The model predicts that the Set II band should be equidistant from the Set I and Set III bands. That this is indeed the case can be shown by measuring the distances concerned on the photograph (Fig. 1). Brown and co-workers (Brown et al., 1978) have found electrophoretic variants of both Adh1 and Adh2 in Hordeum spontaneum. Their data indicate that the variants of Adh1 and Adh2 are all freely dimerizing with one another, and the patterns they obtain are those expected on the basis of a two-gene model.

As stated previously, the Set III band induced in Adh1 null grains by submergence is of much lower intensity than that obtained by anaerobic induction of wild-type grains. On the basis of the two-gene model the Set III band would, providing no other factors are involved, be expected to be more intense in Adh1 null grains than in wild-type grains since none of the Adh2 gene product is involved in the formation of a Set II band. The cause of this discrepancy is possibly explicable in terms of the effect of submergence on the overall seed physiology. After two days of submergence in the conditions noted above wild-type barley grains are clearly germinating with extended radicles. None of the Adh1 null mutants show any signs of germination under these conditions. A similar effect has already been described for Adh1 null maize kernels (Schwartz, 1969). It is possible that inhibition of Set III induction and inhibition of germination of Adh1 null barley grains during submergence are related phenomena.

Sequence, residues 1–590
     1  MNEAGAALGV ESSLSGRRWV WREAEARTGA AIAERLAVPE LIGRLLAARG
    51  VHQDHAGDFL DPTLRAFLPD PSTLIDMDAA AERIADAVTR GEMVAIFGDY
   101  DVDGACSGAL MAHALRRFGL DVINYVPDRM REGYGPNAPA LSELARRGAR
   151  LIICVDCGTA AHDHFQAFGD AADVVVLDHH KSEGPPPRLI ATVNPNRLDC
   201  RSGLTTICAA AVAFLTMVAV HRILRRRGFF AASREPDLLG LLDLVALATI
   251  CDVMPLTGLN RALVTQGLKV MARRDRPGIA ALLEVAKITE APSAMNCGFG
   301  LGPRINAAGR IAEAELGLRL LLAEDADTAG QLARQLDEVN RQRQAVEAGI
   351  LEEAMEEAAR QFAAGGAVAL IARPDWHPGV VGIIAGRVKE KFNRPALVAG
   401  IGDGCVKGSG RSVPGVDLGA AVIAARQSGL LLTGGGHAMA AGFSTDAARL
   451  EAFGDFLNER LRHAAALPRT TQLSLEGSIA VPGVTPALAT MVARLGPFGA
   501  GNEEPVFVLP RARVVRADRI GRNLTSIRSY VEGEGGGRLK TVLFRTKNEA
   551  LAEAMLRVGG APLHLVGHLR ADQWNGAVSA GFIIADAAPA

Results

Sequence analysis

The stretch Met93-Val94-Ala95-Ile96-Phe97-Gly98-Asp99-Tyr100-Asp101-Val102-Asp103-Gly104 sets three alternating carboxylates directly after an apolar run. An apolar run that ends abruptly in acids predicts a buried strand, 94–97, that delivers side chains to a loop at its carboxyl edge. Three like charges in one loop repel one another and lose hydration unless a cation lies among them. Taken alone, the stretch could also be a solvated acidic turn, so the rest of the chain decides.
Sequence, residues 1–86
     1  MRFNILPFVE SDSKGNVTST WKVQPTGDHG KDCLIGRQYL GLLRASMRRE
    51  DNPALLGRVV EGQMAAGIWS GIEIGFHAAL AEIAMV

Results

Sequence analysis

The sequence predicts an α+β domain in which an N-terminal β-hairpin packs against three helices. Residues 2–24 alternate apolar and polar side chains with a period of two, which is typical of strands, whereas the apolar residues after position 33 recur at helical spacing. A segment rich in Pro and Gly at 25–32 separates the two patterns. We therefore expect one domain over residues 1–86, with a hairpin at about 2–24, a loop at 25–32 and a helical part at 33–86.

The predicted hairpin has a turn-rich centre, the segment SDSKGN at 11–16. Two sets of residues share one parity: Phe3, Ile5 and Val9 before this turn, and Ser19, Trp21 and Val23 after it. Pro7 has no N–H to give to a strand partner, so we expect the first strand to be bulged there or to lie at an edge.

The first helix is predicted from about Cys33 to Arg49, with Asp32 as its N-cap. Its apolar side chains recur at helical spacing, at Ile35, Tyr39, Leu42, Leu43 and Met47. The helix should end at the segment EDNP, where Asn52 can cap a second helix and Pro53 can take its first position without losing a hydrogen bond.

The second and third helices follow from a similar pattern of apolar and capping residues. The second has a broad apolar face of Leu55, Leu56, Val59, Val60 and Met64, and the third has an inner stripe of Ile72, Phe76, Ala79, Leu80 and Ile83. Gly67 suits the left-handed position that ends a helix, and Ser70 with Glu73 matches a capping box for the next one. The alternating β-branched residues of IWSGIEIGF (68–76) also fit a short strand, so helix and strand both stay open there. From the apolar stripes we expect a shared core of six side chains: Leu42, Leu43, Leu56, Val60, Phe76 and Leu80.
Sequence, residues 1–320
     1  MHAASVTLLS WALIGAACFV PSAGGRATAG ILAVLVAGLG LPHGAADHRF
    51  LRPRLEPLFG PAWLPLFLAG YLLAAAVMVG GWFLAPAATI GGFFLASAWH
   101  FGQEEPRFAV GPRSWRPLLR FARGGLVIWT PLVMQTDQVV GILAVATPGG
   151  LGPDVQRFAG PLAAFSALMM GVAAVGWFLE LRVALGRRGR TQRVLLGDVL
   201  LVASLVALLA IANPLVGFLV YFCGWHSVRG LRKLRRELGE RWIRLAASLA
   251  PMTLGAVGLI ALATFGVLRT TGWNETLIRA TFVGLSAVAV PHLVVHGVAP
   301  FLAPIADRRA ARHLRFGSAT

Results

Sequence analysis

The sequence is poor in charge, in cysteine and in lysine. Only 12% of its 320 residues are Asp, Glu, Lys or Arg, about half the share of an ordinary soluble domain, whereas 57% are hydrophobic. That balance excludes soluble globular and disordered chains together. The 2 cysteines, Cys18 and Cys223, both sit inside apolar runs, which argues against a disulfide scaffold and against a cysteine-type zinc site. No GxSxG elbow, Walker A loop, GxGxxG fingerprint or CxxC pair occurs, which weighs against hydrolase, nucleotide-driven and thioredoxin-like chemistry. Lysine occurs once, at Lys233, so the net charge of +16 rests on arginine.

Another interesting feature of these data is that submergence of wild-type grains results in induction of Set II and Set III bands in the germinal tissue but not in the endosperm. Clearly, induction of Adh2 is tissue specific.

Further investigation of this system, particularly into the effects of plant hormones on the Adh1/Adh2 balance is envisaged.

Banuett-Bourillon, F. and D. K. Hague. 1979. Genetic analysis of Alcohol dehydrogenase isozymes in pearl millet (Pennisetum typhoides). Biochem. Genet. 17:537-552.

Brown, A.H.D., E. Nevo, D. Zohary, and 0. Dagan. 1978. Genetic variation in natural populations of wild barley (Hordeum spontaneum). Genetica 49:97-108.

Fischer, M. and D. Schwartz. 1973. Dissociation and reassociation of maize Alcohol dehydrogenases: Allelic differences in requirement for zinc. Molec gen. Genet 127:33-38.

Hart, G. E. 1969. Genetic control of Alcohol dehydrogenase isozymes in Triticum dicoccum. Biochem. Genet. 3:617-625.

Hart, G. E. 1975. In vitro hybridization of Alcohol dehydrogenase subunits of Triticum and Hordeum. Isozyme Bulletin 7:41.

Kleinhofs, A., R. L. Warner, F. J. Muehlbauer, and R. A. Nilan. 1978. Induction and selection of specific gene mutations in Hordeum and Pisum. Mut. Res. 51:29-35.

Schwartz, D. 1966. The genetic control of Alcohol dehydrogenase in maize: Gene duplication and repression. Proc. Natl. Acad. Sci. 56:1431-1436.

Schwartz, D. 1969. An example of gene fixation resulting from selective advantage in suboptimal conditions. Am. Nat. 103:479-481.


NH acknowledges the support of a Science Research Council CASE award.